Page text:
I wrote a blog a few months ago about the irritating traits of fellow audience members when going to the theatre. There are certainly plenty of them, with their rustling bags of sweets, constant talking, playing with mobiles, early exits and so on and so forth. The list goes on and on. Most of what annoys us with these audience members is their lack of respect for, not only us, but the performers onstage. Whatever their ‘modus operandi’ may be, they are either a distraction to their fellow theatre-goers or the performers and that is what we take offense at. It’s not always rude or disrespectful behaviour that can be distracting however; sometimes it can be the manner in which they express their pleasure of the theatrical experience. Of course, it is always nice to know that an audience have enjoyed the show – that is the whole point after all – but a recent anecdote reminded me of a particular audience member I myself have encountered (and been irritated by).
A friend of mine told me about a performance of Les Miserables a few weeks back that was also attended by The Clapping Man. Some of you may have encountered him yourselves and know exactly who I’m talking about, but for those who haven’t, let me clarify. I first became aware of Clapping Man at a performance of Love Never Dies; we were both in the front row of the stalls, just a few seats down from one another. The opening number for Love Never Dies was (at that point) the glorious ‘’Til I Hear You Sing’, performed by the equally glorious Ramin Karimloo. It’s a belter of a song that has quickly become a firm favourite of both theatre fans and musical theatre performers alike, so when Clapping Man started enthusiastically applauding away on Ramin’s final note, before he had even finished singing, I put it down to his love for that particular song and thought nothing of it; till he did it again. Clapping Man proceeded to do exactly the same thing for every musical number throughout the entire show. Every time, on cue, there he would go, clapping away while whoever’s number it was was still singing. ‘So what?’ I hear some of you saying. It may seem an insignificant thing, but if you have experienced it for yourself then you will understand just how irritating it is. The music is such a big part of a musical and it’s easy to find yourself caught up in a song, especially with a show like Love Never Dies which has such a big, powerful score. So when someone does something distracting like that, it takes the focus away from the stage and prematurely breaks the connection between the audience and the music. Ever had someone laugh during an emotional scene in a film? It’s exactly the same type of situation.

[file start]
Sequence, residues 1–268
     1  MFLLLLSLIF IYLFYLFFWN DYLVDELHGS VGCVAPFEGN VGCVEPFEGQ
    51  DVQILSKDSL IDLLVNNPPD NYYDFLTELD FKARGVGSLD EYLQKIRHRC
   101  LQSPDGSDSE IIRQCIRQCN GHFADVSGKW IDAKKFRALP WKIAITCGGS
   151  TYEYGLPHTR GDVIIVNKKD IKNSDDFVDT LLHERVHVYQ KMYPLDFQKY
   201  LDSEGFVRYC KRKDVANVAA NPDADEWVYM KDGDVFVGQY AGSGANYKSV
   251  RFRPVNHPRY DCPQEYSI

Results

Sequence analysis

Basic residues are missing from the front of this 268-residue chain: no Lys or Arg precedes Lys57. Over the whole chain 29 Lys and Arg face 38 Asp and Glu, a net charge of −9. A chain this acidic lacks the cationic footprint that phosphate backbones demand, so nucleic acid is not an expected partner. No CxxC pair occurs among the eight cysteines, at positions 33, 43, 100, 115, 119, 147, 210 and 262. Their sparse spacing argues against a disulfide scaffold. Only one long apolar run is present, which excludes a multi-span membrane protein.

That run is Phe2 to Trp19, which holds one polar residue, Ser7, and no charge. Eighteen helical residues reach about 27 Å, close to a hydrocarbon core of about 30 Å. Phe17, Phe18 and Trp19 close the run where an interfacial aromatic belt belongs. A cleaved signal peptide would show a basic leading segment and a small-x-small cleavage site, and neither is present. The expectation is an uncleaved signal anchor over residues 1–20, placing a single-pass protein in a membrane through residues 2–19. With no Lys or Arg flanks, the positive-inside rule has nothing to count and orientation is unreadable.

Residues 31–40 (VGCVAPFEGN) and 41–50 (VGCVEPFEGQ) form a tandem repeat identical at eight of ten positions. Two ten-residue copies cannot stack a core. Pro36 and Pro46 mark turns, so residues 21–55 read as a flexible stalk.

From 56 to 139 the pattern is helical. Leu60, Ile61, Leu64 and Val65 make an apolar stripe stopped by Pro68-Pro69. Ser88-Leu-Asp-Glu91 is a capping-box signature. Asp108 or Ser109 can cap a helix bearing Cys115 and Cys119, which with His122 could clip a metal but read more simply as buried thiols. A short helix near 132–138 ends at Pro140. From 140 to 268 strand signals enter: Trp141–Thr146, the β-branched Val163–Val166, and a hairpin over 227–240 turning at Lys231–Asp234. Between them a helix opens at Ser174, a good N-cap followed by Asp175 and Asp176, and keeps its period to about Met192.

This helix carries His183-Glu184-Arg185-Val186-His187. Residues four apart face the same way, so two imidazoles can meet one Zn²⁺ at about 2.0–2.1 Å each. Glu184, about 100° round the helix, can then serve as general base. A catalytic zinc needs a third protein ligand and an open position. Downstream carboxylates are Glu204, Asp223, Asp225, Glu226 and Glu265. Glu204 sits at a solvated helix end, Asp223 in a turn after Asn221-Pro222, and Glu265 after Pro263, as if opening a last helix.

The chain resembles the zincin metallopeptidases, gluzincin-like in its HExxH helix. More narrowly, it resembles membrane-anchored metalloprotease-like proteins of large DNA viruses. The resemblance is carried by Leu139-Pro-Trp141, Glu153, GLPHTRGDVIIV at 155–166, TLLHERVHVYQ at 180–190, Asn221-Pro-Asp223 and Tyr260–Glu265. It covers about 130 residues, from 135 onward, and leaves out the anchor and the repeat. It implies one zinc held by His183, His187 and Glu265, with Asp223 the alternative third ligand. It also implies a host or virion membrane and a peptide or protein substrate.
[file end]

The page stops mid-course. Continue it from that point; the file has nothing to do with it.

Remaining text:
I found out later that Clapping Man was in the Love Never Dies audience on an almost nightly basis and did this same thing every time. It seems he was becoming well-known as I heard from a number of people about him and his ‘habit’. I assumed it was a Love Never Dies ‘thing’ and, since the show’s closure, I haven’t heard even a murmur of him – till now. Yes, Clapping Man had resurfaced at Les Miserables and was back to his old tricks. At Love Never Dies, I had thought about whether the actors themselves had also been put off by him. Some may have been so wrapped up in their character that it didn’t even register, but surely some must have been aware of it? I know some of the Les Misers were, especially one in particular who told him in no uncertain terms at the curtain call to shut up, basically.
I have no doubt that Clapping Man is just an enthusiastic fan who can’t quite seem to control his excitement. He’s not being disrespectful and he’s not setting out to be deliberately irritating but his eager antics are just that. He serves as a perfect example of just how important it is to be aware of theatre etiquette when seeing a show. The likes of noisy eating and inopportune conversations are obvious no-no’s, but the less obvious ones can be equally as disruptive to the theatre experience. Something to think about perhaps.
By Julie Robinson (@missjulie25)
Monday 9th April 2012